Friday, November 12, 2010

St Andrew's Cross Spider

St Andrew's Cross Spider on a Wild Iris Flower in the Garden.

Gould's Sand Goanna at Jarowair

05 November 2010


This post from 2010 has just been updated in September 2016... almost six years after the original posting.  The original post was listed as a Lace Monitor, but thanks to blog follower Ollie Scully, he has informed me that this monitor is in-fact a Goulds or Sand Monitor (Varanus gouldii) not a Lace Monitor.  I couldn't quite believe it, as i was under the impression that only the Lace Monitors were in our area... so I was wrong!  Olly pointed out, what is now very obvious markings on the face to tell the difference between the monitors.  The Lace has vertical stripes under the jaw, while the Goulds has horizontal stripes near the eye.  We are thrilled to learn this and have this new discovery, albeit six years after the fact. I now have a large project to go over all of the 'Lace Monitor' photos I have taken here at Jarowair over 10 years and haven't uploaded to the blog, to check on the possibility of other sightings of the Goulds that have gone un-identified.  Thanks again Ollie,

Judi & Brendon

Goulds or Sand Monitor (Varanus gouldii) at Jarowair November 2010

2010 Original Post:
Took a photo of this little guy not far from our place.  Loved his spotty legs!  I don't often see Goannas on the road.  Attempted to chase him off but he wasn't fazed by me at all, went back later to check that he hadn't come in contact with any cars and he had moved on.

Goulds or Sand Monitor (Varanus gouldii) at Jarowair November 2010

While this is a dreadful photo and didn't focus on the head at all, I have re-added it to this post as it shows the underneath lack of pattern on the chin - showing the difference to the lace monitor as we have just discovered.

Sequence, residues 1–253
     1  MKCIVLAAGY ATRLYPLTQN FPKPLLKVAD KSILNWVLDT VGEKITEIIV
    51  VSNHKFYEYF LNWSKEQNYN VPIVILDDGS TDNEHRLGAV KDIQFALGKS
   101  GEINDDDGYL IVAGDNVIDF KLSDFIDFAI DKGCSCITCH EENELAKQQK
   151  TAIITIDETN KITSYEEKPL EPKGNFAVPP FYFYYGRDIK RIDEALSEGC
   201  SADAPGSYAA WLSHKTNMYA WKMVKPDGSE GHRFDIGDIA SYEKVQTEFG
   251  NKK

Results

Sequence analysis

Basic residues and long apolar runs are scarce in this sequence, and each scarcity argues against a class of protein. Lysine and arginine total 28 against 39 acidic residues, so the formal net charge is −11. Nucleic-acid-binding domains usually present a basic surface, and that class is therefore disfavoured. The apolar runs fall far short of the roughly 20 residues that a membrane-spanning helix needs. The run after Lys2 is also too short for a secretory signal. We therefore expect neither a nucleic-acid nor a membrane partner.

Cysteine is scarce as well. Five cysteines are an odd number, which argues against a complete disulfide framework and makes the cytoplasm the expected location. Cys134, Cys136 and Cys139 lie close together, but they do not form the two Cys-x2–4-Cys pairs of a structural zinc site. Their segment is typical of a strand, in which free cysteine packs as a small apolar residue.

Australian Coral Snake

Australian Coral Snake found at Jarowair on the Darling Downs, Queensland by J Gray.

Australian Coral Snake at Jarowair 2010

Species name: Australian Coral Snake (Brachyurophis australis)

Other Common names: Coral Snake, Shovel-nosed Snake.

Significance to Humans: Virtually harmless and not considered medically important. Weakly venomous but considered harmless due to inoffensive nature and reluctance to bite.

General description: Small, smooth glossy snake, with numerous narrow ragged-edge bands of reddish-brown through orange-red to coral-pink, between narrow bands of creamy pale scales with dark edges. Black blotch or bar on head & broad black bar across neck. Belly bright creamy white. Tip of snout has sharp, upturned cutting edge (or rostral scale) which is used for burrowing.
Midbody scales at 17 rows.

Average Length: 30cm

Habitat in SE Qld: Found in wide variety of habitats but especially where dry, sandy soils occur.

General habits: Uncommonly seen and little known of habits. Nocturnally active, burrowing snake, generally stays beneath the soil and litter. Sometimes found above ground on warm nights. Shelters under soil surface or under stumps, rocks & logs during the day

Diet: Skinks and other lizards and reptile eggs.

Local distribution:
Brisbane & Lockyer Valleys, Ipswich, Greenbank, Camira, Mt Crosby.

Around the home: Infrequently encountered. Most specimens discovered in backyard swimming pools after falling in during nocturnal movements

Australian Coral Snake - found in the Garage.  I placed a 20c coin beside it to show how small it is.  This one only about half the size of a fully grown snake (said to grow to only 30cm).  It had a few small spider webs on it, but otherwise seemed in alright condition and then I released it outside - see above pictures.  Possibly came indoors when my husband was doing some earthworks outside, not far from the garage, it may have been disturbed then.  Very exciting find